The former Member of Parliament for Tamale Central, Inusah Fuseini has expressed worry over the continuous harvest of rosewood despite government’s ban.
This development, he says poses as an existential danger to the environment of the country particularly, that of the Northern Ghana.
Speaking at the Joy Forum on Sealing the Leakages in Ghana’s Rosewood Trade on Wednesday, Mr Fuseini explained that the ecological temperate of northern Ghana is being sustained by the rosewood plantation, as such, a cause for concern.
“Rosewood is found in the ecologically fragile zone of this country and if we continue to harvest rosewood, we will be exacerbating the onslaught of the Sahara to the Northern part of Ghana.
“Up until 2014, there was no rosewood listed in science, but I was left in no doubt that the continuous harvesting of rosewood poses an existential danger for this country,” he said.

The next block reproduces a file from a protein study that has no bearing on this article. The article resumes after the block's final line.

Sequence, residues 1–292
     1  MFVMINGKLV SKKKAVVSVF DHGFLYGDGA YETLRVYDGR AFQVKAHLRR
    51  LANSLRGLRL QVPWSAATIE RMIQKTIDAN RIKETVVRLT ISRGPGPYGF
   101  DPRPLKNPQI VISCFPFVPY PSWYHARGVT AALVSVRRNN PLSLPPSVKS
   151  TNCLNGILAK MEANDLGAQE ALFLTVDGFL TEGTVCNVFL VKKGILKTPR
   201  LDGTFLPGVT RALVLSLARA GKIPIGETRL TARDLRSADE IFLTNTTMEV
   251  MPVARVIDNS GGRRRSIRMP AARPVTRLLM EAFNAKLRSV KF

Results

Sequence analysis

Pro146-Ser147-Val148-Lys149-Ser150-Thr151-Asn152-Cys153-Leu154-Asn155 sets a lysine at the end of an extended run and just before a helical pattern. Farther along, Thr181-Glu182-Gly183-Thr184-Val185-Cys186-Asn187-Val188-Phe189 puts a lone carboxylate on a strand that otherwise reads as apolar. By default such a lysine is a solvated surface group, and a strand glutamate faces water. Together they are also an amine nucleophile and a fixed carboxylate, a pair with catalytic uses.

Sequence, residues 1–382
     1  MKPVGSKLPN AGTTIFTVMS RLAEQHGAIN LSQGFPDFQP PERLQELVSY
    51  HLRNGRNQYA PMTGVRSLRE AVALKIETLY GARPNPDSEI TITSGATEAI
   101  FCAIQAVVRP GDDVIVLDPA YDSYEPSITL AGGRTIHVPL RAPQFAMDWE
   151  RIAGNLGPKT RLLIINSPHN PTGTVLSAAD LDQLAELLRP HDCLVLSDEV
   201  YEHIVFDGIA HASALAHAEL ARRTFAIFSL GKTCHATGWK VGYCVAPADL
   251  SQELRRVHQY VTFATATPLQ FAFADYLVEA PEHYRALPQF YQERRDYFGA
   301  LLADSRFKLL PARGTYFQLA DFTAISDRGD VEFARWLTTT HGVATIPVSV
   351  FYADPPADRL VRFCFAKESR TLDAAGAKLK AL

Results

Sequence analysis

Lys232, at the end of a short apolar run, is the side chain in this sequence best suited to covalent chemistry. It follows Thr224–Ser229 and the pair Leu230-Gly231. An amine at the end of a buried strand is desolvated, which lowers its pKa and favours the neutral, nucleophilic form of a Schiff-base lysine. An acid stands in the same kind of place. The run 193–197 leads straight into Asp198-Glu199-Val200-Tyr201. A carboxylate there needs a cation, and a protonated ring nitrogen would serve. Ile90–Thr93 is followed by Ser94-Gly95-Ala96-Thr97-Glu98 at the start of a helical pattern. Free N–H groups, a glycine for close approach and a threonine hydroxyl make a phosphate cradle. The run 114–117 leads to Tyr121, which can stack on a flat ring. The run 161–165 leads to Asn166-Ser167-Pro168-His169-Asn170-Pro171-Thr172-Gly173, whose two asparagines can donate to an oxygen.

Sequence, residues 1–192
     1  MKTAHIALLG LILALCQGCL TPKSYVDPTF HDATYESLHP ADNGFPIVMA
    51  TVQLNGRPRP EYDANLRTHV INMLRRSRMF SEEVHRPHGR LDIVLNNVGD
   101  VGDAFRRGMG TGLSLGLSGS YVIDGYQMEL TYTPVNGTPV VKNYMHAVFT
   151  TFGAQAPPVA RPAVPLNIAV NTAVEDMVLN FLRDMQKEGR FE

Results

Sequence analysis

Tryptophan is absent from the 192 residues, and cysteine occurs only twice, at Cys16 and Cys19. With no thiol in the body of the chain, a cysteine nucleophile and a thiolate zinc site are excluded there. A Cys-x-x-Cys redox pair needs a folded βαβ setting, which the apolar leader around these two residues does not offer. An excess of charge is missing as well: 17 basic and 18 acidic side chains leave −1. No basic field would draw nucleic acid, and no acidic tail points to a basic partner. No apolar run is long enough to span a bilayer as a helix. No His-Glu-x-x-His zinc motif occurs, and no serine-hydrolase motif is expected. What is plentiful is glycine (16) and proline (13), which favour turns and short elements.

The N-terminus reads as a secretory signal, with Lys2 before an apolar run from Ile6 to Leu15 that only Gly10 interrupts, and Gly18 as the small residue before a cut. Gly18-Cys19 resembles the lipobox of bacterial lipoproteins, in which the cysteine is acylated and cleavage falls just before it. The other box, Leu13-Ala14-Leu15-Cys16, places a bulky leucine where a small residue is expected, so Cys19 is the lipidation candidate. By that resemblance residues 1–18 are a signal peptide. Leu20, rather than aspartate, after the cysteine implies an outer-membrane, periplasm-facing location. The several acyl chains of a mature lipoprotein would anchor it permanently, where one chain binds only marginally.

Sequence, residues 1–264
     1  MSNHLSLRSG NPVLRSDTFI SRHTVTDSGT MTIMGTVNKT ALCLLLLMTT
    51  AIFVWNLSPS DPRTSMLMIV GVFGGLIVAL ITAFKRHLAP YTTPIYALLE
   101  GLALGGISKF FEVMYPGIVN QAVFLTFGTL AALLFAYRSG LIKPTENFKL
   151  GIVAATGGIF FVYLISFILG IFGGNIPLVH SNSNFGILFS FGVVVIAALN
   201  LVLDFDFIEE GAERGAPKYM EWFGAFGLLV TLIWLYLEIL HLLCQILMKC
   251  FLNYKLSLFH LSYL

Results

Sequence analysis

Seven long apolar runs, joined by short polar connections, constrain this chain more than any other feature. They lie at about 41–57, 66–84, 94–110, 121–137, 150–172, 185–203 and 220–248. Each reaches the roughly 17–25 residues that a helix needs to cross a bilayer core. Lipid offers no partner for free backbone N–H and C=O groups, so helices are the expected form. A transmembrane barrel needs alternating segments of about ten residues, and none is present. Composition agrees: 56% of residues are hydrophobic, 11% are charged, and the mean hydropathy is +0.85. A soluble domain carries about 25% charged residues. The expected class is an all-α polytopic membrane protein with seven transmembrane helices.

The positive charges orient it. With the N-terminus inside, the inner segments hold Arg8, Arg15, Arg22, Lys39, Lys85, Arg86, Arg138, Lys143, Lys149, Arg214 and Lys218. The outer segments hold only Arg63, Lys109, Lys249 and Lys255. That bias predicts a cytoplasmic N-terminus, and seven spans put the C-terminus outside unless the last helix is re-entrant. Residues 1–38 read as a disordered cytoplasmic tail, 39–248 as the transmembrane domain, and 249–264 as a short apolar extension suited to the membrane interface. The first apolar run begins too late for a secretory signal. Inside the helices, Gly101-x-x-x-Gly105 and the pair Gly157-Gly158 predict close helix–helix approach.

He continued, “In terms of farmers, the rain. In terms of the devastation of the weather in the sense that because the Northern part is fragile, when the raining season is coming the storm is intense.”
Mr Fuseini also stated that comparing rosewood being felled for export to farmers using it for charcoal will be undermining the extent the problem poses to the country.
He insisted that rosewood is hardly used for making charcoal since it is considered as “hard wood”.
“There are trees that are used for charcoal in the northern parts of Ghana, rosewood is not typically, one of them. This is because, when you put charcoal against 65 containers, you can come to a conclusion that we are not being reasonable in the situation.”
In 2019, a US-based Environmental Investigation Agency report revealed that despite a comprehensive ban in place since March 2019.
The dry forests and rural communities of the country are still the victims of rosewood plundering.